A tool with full lifecycle capability will save you money and time. If you don’t choose a tool with all the features needed for the project’s lifecycle, you will have to purchase several different tools. Each of those tools can cost the same amount as purchasing just one full lifecycle MBSE tool. You will also have to spend money on more training since you will not be able to do large group training. Most tools do not work together, so you will have spend resources on integrating the different tools. This causes the overall project to cost a lot more. This is why Innoslate is a full lifecycle MBSE solution.

 

It’s important to find the tool that is right for your project and your team. These are just helpful guidelines to help you find the right tool for you. You might need to adjust some of these guidelines for your specific project. If you would like to see if Innoslate is the right tool for your project, get started with it today or call us to see if our solution is the good fit for you.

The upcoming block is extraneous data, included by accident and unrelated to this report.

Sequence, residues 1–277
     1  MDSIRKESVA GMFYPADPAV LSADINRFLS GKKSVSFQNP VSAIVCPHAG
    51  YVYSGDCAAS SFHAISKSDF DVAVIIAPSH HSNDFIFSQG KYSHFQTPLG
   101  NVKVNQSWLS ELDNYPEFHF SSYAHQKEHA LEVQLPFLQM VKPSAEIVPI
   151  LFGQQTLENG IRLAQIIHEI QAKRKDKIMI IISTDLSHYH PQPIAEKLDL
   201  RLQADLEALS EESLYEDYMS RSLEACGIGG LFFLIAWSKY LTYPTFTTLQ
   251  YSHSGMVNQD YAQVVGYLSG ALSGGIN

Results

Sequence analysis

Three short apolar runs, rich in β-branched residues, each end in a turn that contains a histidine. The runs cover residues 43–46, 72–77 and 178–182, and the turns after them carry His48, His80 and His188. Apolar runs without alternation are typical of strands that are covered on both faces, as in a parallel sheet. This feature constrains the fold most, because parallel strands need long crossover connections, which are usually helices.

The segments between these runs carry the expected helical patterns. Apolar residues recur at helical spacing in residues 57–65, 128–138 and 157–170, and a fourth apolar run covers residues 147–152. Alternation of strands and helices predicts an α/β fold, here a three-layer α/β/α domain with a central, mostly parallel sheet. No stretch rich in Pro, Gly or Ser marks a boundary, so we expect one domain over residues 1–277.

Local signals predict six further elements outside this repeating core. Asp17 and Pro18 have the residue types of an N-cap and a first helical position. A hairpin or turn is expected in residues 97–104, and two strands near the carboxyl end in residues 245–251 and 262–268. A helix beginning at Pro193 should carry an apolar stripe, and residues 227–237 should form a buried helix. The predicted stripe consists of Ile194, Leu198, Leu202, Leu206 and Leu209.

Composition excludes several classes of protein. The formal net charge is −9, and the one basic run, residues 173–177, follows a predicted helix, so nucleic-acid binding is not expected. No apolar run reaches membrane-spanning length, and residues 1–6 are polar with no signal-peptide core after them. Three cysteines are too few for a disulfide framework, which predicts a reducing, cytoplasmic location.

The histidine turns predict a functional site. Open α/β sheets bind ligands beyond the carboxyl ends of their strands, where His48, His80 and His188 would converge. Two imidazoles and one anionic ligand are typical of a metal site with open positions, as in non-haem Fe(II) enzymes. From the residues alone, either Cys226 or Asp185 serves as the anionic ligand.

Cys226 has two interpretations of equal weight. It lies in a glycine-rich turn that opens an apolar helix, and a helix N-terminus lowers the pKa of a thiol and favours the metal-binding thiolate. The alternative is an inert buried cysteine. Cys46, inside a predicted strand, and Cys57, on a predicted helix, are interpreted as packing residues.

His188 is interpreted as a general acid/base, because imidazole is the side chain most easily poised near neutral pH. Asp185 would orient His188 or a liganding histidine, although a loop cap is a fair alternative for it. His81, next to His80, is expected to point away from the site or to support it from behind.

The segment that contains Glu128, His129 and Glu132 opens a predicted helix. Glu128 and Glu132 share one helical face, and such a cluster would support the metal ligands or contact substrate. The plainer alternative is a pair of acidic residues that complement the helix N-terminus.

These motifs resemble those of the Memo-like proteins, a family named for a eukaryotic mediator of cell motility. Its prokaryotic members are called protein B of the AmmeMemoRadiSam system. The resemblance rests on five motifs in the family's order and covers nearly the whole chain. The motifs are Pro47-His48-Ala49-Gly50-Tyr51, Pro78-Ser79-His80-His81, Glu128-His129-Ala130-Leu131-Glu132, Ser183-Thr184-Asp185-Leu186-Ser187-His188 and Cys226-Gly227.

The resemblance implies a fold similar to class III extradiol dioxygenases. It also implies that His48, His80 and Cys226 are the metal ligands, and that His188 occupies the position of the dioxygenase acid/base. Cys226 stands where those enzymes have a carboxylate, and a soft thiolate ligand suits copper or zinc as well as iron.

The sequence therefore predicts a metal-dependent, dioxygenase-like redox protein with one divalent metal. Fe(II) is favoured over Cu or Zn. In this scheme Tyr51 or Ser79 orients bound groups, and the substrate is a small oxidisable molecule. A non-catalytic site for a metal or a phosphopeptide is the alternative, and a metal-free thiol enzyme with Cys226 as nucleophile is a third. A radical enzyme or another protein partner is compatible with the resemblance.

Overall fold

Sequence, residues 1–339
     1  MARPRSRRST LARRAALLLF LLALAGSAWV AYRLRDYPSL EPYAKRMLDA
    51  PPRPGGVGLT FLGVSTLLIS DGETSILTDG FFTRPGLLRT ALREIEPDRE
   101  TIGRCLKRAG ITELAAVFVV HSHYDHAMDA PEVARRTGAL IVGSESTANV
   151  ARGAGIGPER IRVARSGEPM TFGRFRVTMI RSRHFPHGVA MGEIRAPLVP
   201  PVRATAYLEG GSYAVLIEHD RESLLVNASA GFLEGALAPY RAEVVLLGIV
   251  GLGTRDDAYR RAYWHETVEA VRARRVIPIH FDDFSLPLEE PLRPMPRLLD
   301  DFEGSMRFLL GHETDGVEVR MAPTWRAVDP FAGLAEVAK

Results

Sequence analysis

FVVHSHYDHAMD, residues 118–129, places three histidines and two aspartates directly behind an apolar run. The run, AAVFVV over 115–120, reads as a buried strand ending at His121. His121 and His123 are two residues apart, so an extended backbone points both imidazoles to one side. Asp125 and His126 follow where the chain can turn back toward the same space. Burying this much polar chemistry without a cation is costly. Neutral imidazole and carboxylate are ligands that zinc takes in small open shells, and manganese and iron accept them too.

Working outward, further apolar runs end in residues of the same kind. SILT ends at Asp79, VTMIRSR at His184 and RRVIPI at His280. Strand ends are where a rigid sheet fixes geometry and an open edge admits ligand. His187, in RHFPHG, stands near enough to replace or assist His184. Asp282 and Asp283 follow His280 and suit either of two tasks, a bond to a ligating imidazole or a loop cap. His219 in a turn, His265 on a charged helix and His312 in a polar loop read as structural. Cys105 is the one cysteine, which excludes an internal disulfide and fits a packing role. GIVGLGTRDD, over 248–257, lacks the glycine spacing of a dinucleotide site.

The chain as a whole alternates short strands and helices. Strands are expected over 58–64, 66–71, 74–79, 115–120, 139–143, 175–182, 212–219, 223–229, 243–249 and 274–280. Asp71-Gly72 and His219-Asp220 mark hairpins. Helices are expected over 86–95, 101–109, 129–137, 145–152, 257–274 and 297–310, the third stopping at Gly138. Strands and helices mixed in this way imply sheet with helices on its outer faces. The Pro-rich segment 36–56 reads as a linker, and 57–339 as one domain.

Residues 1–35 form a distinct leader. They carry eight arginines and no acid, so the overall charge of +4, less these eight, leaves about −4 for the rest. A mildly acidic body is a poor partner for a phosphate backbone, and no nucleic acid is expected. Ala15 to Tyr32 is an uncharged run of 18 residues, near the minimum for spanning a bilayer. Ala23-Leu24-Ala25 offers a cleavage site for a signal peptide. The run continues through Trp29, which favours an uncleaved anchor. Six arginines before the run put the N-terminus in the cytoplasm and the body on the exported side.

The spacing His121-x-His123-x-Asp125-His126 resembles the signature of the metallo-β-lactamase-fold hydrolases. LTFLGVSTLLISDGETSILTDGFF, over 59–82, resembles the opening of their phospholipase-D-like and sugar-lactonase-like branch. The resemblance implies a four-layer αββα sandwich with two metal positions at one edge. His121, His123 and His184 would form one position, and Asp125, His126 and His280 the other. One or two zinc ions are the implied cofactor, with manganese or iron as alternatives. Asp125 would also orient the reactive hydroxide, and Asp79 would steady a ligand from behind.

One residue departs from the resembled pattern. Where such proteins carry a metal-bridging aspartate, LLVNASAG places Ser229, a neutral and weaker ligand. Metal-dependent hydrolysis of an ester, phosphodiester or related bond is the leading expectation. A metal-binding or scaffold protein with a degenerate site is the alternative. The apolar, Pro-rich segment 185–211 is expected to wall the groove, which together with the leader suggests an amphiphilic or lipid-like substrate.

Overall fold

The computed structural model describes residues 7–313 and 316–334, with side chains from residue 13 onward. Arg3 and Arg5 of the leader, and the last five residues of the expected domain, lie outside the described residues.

Why Do We Need Model-Based Systems Engineering?

MBSE is one of the latest buzzwords to hit the development community.

The main idea was to transform the systems engineering approach from “document-centric” to “model-centric.” Hence, the systems engineer would develop models of the system instead of documents.

But why? What does that buy us? Switching to a model-based approach helps: 1) coordinate system design activities; 2) satisfy stakeholder requirements; and 3) provide a significant return on investment.

Coordinating System Design Activities

The job of a systems engineer is in part to lead the system design and development by working with the various design disciplines to optimize the design in terms of cost, schedule, and performance. The problem with letting each discipline design the system without coordination is shown in the comic.

If each discipline optimized for their area of expertise, then the airplane (in this case) would never get off the ground. The systems engineer works with each discipline and balances the needs in each area.